“I’m sure you are right about the distractions inside cars.  More important than motorhomes, I would think, is the explosion in the past 15 years of semis on Interstate 80.  Every time I do a casual count I find that semis account for about half of the vehicles on Interstate 80 and there have been a lot of wrecks involving semis.  One of them coming out of Telephone Canyon and onto the flats south of Laramie several years ago plowed into a vehicle stopped in a line of cars because of a previous accident between grand avenue exit and 3rd street exit.  Four members of one family were all wiped out in that one.  Even big heavy SUVs and pickups are no match for semis.  At 80 mph they have no chance to avoid collisions and their mass magnifies the damages.

“As to alcohol, I’ve been trying for years to get (Mothers Against Drunk Drivers) and other parties to push the Legislature to prohibit drive-up liquor store windows.  I believe I read that Wyoming is the only state that still allows drive-up windows.  It’s an easy way for liquor dealers to avoid the responsibility to not sell alcohol to someone who, if made to walk inside, would display obvious impairment.  (Of course the Legislature and the Supreme Court also have refused for years to create “dramshop law” liability for liquor dealers who sell to obviously impaired adults.  As the law now stands, a liquor store owner cannot be held responsible for a drunk driver killing another motorist, even if the liquor dealer sells liquor to and then helps the buyer get into his car because he can barely even walk).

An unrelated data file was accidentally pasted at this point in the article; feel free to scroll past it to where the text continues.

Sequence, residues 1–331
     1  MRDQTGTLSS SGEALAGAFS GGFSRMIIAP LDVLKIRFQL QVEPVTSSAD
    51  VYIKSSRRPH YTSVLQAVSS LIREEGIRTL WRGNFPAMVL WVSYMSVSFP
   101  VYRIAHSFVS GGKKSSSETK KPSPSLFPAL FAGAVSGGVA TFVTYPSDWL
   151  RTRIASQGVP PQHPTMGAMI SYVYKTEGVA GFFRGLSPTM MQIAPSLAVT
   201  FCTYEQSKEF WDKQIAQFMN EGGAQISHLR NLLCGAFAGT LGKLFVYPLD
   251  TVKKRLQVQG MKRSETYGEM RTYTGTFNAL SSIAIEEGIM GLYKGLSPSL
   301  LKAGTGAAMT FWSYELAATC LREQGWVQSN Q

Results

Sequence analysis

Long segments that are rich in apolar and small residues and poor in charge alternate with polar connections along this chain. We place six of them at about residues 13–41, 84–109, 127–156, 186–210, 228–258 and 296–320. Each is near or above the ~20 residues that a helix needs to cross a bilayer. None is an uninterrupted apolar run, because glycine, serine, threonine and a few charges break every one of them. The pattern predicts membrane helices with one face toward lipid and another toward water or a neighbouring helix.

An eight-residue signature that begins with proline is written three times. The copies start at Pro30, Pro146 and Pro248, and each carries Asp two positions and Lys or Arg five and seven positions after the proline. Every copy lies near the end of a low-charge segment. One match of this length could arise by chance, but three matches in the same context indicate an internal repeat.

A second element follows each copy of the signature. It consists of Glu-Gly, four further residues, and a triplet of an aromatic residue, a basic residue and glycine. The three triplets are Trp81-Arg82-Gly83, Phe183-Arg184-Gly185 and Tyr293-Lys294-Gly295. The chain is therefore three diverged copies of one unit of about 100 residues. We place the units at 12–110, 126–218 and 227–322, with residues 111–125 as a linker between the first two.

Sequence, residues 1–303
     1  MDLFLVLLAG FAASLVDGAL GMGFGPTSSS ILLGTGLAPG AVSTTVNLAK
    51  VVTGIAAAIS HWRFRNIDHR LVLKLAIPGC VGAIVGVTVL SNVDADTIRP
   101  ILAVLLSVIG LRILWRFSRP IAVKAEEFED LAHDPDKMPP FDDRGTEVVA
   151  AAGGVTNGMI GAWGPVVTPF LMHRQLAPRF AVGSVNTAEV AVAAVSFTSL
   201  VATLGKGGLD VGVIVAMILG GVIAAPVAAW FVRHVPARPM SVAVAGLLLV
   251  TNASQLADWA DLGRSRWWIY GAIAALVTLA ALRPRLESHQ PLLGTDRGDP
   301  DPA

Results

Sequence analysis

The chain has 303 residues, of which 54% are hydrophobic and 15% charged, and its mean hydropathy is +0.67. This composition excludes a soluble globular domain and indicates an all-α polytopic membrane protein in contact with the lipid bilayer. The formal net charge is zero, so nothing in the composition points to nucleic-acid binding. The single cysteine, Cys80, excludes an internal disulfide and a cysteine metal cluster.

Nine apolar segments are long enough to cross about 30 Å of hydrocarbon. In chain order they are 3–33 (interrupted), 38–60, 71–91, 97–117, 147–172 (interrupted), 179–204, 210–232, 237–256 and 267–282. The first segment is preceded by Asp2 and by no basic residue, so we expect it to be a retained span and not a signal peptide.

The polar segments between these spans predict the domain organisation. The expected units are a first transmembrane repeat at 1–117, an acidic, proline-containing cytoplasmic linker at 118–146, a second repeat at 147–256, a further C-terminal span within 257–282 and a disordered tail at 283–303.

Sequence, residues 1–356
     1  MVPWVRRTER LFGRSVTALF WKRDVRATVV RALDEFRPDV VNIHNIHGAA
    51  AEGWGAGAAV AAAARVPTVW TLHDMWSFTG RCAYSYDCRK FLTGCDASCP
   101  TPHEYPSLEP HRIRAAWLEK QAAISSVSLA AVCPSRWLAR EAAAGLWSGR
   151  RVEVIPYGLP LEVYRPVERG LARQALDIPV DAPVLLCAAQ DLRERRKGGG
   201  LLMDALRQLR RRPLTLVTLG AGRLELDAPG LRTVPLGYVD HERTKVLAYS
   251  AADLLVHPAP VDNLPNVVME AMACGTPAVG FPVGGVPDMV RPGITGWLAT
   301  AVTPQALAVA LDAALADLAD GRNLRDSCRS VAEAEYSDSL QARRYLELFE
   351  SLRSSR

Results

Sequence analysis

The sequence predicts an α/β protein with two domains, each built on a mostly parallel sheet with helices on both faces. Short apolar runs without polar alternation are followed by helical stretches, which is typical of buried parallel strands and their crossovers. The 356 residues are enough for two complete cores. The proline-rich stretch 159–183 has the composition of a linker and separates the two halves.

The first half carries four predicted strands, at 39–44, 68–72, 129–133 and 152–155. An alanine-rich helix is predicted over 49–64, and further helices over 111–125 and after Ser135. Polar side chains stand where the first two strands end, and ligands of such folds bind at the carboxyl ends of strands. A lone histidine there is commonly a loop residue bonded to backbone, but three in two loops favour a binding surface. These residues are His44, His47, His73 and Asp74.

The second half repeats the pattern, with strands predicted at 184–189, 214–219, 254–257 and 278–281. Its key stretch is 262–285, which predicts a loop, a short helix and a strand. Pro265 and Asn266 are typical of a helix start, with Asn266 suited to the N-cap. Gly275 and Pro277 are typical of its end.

“As to speed, I am always amazed when the Legislature raises the speed limit.  Even before the recent increases it was already well established that at night going 70 mph it is almost impossible for a vehicle to stop in time after an object becomes visible in the headlights.  When they raise the limit they are simply saying ‘We are willing to sacrifice a few hundred lives or a thousand lives over time to save everybody else a few minutes in getting to their destination.’

“I often think of John Muir’s observation after touring Yellowstone in the late 1800s from his Our National Parks (1917): ‘The regular trips–from three to five days–are too short.  Nothing can be done well at a speed of forty miles a day.  The multitude of mixed, novel impressions rapidly piled on one another make only a dreamy, bewildering, swirling blur, most of which is unremembered.’”